Unit Investment Trusts (UITs)

A unit investment trust (UIT) is a company that sells unit shares of itself to investors. Essentially, when an investor buys a unit share of an UIT, he or she is buying into a basket of securities that contains a mix of bonds, stocks or other kinds of investments.

Since UITs are “redeemable,” the investor can liquidate units at any time. However, depending on the market value of the UITs, the investor could suffer gains or losses at the time of liquidation. Furthermore, the investor could incur penalties for liquidating UITs before their date of termination.

How Unit Investment Trusts Happens

Conservative investors and retirees need to be cautious when it comes to unit investment trusts (UITs) because some are much riskier than others. The problem is, investment advisors often “gloss over” these risks when selling UITs to customers, which is causing significant and unnecessary UIT investment losses.

When an FINRA-registered broker recommends and sells any kind of investment without fully educating the customer about the risks associated with the investment, it could be a violation of the law.

If you didn’t know what you were getting into and lost your hard-earned money because of bad UIT recommendations, you might be able to get your money back. Contact the Consumer Investor Resource Center to learn about your legal rights and options regarding UIT investments losses. Also, we encourage you to browse the frequently asked questions below to learn more about unit investment trusts

Many stockbrokers push high risk and illiquid REITs onto retirees and conservative investors for the sole purpose of generating commissions and fees for themselves without any regard for the welfare of their clients.

Wall Street brokerage firms also profit heavily from the sale of non-traded REITs. In fact, your brokerage firm might have pressured your stockbroker into selling these inappropriate investments to you.

Bringing Unit Investment Trusts Perspective

Unit investment trusts can be confusing for investors because they come in different forms, and – depending on the investments they contain – the might not be appropriate for a given investor’s needs. Sometimes brokers recommend the wrong UIT for the job, and this can cause a naive investor to lose thousands of dollars.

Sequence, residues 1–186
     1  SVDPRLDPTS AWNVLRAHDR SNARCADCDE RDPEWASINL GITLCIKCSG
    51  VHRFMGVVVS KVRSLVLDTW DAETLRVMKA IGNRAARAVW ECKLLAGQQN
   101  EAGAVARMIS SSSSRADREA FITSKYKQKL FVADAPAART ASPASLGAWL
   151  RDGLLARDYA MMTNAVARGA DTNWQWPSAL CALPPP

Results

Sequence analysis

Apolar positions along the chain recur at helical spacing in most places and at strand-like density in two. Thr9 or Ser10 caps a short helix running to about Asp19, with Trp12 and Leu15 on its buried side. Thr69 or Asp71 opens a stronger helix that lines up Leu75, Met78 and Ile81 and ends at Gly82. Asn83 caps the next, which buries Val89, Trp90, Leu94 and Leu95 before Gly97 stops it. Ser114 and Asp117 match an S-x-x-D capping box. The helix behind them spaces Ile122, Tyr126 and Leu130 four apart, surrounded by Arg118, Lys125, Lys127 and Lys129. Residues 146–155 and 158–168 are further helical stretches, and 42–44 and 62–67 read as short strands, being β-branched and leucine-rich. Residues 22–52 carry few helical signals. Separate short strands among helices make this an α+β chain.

In most cases, a UIT will be one of the following two types:

  • Fixed Income UITs: Fixed income UITs are intended to generate investors a constant and reliable income for the time period of the investment. These UITs tend to be primarily comprised of bonds. As such, they may be attractive investments for retirees who want a safe and reliable income to finance their retirement. However, just because it’s a “fixed income UIT” does not actually mean it’s safe.
  • Equity UITs: Equity UITs are targeted toward a specific stock-based investment strategy. Some might target energy stocks, some might target real estate stocks, and others might target technology stocks – or another sector. Because they tend to be highly focused on stocks in one economic sector, equity UITs are riskier than fixed income UITs, and they’re rarely appropriate for those looking for safety and security.

Discovering the Fraud

If an investment firm recommended the purchase of UIT units, and you lost money, you might be able to seek financial compensation for your losses.

Stockbrokers that recommend UITs generally have a fiduciary obligation to their customers. This means that they have to “know their customer” – i.e., the customer’s needs, life situation, investment experience, age, stated investment goals – and what kinds of investments are in the customer’s best interests.

Furthermore, an investment advisor’s fiduciary obligation requires the advisor to recommend suitable investments in accordance with the goals, life situation, and other information that the broker is obliged to know about the customer.

If an FINRA-registered advisor violates his or her fiduciary obligation to the customer by recommending unsuitable investments, the advisor and the employing investment firm can be held liable for the customer’s resulting financial losses. If you or a loved one has been hurt by unsuitable UIT recommendations, call the Consumer Investor Resource Center or send us an email. We will listen to your story and advise you of your legal rights and options.

Know Your Rights

The Financial Industry Regulatory Authority (FINRA), which holds stockbrokers and brokerage firms accountable for unsuitable investment advice and fraud. FINRA’s warnings clearly state that these investments contain hidden risks and liquidity problems, making them inappropriate for unsophisticated, conservative and/or long-term investors.

Do you suspect that your stockbroker fraudulently or negligently recommended non-traded UITs to you?

Try and Get Your Money Back

If you lost money because your stockbroker inappropriately bought bad UITs or because he failed to disclose the true risks involved with UITs, you can make a claim for damages and try to get your money back.

The financial injuries resulting from investment fraud can be crippling, but the realization your stockbroker neglected your account or purposefully lied to you can be overwhelming. If you have fallen victim to this kind of fraud, it’s important to remember this is not your fault!

Pursuing a stock fraud claim will teach big banks and Wall Street brokerage firms that it’s unacceptable to prey upon innocent consumers and completely disregards their best interests and needs. Your claim may even prevent others from suffering as you have by forcing Wall Street brokerage firms to conduct business with honesty and integrity.

Contact Us

You may be eligible to receive compensation regardless of whether you sold or continue to hold the UITs at issue. Contact us today to set up a free consultation. We will listen to your story, answer any questions you may have, and discuss your legal rights and options.